This story was written the minute the cult got kicked to the curb. A Return to tradition in South Minneapolis! Heresy! And Fr. Williams didn't come "from the farm to the hood" exactly. As young as he is, he's had urban assignments. I am pretty sure he was an assistant at the Cathedral when I was a member of that Parish about 6 or 7 years ago.

And this charity vs. social justice thing REALLY needs to get sorted out. "Social Justice" the way that it's constructed by many on the left is just an argument for more government sponsored welfare and regulation dressed up in religious language. By the end of her life even Dorothy Day the patron saint of the left realized that the war on poverty was just a disaster that harmed the poor. She understood that the missing ingredient was love. Caritas. imagine that. You don't get Caritas out of a social worker, a bureaucrat or a welfare check.

Ray from MN said...

Thank you for your thoughtful and valuable post, Margaret.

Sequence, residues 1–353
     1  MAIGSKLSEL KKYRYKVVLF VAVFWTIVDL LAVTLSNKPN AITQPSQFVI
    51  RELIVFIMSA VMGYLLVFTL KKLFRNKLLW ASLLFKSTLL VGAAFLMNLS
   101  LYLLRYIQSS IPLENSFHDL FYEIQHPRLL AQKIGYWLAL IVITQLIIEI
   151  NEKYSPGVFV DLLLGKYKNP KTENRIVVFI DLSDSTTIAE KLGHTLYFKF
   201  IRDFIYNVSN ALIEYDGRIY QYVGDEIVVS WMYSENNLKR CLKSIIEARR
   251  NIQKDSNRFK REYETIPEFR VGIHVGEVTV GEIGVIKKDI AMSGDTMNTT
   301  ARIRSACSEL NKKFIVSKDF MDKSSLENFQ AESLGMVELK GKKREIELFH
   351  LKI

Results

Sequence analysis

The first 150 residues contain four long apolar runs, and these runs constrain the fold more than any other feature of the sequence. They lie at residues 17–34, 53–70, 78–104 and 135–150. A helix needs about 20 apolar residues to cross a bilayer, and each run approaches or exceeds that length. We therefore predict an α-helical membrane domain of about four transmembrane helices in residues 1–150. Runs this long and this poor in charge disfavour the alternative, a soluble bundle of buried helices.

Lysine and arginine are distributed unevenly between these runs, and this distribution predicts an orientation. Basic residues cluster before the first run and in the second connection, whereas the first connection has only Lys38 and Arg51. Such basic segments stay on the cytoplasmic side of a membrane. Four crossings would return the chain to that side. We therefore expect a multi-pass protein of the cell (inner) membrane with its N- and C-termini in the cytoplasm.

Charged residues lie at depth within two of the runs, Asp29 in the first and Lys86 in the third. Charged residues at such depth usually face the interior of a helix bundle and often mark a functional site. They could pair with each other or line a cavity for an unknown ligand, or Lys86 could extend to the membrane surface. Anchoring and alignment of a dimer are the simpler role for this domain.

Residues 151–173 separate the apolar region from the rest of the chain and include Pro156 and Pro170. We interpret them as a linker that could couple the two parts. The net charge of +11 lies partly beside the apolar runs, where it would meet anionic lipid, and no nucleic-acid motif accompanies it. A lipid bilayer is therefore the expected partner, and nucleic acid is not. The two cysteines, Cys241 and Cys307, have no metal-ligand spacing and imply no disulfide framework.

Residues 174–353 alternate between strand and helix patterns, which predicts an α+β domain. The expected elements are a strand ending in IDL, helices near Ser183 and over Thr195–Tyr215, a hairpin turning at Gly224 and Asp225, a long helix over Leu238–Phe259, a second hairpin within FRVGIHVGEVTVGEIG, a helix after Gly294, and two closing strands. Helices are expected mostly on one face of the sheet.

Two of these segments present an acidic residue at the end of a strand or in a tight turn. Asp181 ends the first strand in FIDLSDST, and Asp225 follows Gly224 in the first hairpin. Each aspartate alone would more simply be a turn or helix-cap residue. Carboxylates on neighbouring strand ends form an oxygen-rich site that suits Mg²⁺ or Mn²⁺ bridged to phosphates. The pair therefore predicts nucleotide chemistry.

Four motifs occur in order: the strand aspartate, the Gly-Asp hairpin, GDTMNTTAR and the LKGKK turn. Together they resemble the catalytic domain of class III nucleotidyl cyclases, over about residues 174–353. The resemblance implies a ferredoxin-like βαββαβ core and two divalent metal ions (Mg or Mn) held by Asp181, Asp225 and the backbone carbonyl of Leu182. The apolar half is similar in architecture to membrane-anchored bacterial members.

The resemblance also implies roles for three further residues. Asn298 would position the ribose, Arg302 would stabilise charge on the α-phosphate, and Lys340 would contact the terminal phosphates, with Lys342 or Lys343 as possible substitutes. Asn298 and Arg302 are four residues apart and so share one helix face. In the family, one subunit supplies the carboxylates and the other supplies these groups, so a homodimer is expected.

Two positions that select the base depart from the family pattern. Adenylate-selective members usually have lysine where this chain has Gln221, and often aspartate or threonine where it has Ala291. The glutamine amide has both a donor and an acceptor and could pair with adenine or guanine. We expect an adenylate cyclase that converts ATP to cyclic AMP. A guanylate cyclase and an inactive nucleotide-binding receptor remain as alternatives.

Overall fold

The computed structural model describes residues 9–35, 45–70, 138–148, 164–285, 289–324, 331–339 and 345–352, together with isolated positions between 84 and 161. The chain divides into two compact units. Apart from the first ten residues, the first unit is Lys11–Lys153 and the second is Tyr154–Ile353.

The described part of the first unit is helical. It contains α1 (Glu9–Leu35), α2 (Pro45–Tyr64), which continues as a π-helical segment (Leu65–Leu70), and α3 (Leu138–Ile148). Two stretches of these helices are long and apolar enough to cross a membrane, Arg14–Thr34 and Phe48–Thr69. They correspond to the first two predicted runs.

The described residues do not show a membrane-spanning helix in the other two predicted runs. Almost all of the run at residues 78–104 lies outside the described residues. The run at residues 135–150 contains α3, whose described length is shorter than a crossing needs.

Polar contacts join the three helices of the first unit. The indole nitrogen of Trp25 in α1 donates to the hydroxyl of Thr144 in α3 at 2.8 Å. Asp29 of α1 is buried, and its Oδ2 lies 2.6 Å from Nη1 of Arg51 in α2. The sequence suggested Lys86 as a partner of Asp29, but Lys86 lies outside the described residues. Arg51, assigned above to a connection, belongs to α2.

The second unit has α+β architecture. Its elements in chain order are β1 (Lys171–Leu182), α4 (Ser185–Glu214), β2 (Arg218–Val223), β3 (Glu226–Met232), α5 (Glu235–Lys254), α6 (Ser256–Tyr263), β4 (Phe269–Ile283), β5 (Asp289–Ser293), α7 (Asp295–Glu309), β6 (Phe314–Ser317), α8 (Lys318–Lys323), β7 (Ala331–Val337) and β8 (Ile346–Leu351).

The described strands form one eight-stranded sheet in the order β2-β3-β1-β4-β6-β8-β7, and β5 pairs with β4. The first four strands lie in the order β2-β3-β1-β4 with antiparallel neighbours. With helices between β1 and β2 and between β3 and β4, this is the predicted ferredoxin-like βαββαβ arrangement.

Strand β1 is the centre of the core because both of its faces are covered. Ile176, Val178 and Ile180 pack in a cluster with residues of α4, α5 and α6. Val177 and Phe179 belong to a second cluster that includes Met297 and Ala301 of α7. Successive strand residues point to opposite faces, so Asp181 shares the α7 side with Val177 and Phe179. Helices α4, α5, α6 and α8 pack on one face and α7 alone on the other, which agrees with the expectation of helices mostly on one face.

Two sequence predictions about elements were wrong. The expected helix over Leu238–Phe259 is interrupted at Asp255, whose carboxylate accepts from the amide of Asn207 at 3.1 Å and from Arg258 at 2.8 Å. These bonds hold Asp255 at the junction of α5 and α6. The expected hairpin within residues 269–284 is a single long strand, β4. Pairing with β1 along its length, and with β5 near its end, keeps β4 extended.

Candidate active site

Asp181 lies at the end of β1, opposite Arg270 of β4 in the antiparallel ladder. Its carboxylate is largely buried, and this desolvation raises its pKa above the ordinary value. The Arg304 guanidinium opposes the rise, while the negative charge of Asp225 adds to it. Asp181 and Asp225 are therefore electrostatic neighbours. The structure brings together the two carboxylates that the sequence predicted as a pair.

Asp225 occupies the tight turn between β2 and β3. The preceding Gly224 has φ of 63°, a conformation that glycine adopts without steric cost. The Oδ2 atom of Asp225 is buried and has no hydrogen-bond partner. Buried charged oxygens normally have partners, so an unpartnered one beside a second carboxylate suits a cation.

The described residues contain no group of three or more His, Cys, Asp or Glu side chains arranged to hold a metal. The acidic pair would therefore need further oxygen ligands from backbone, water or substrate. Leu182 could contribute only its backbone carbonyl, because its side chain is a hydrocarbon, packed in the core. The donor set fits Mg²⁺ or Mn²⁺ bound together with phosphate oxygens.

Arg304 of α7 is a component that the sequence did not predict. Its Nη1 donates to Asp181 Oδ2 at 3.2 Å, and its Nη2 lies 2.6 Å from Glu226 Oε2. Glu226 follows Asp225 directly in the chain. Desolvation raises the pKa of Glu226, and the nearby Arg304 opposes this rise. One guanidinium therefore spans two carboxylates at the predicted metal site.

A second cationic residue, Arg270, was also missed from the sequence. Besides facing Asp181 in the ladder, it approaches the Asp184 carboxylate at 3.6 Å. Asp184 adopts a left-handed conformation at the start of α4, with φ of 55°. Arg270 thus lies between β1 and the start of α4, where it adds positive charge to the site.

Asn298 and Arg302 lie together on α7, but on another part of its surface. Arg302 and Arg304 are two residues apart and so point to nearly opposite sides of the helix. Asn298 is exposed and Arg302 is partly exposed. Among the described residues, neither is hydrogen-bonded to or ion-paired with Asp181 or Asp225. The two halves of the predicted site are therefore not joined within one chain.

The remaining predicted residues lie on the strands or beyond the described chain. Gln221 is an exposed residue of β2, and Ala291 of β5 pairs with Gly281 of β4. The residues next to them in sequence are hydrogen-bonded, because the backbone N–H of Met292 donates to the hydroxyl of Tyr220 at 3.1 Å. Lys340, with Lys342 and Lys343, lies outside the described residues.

Don't think that the "progressives" believe that everything starts with Vatican II.

Why just last week, one of them cited Pope Leo XIII and his "social justice" encyclicals around 1900 as the primary justification for progressive ministries.

Of course there was no mention of the fact that there weren't 40,000 publicly acknowledged baby killings a year in those days.

Probably a majority of "progressives" would want women to have a "choice" when it comes to abortion.

But they would deny that choice when it comes to liturgy and prayer. Only they have the answer.

Ron from St. Paul said...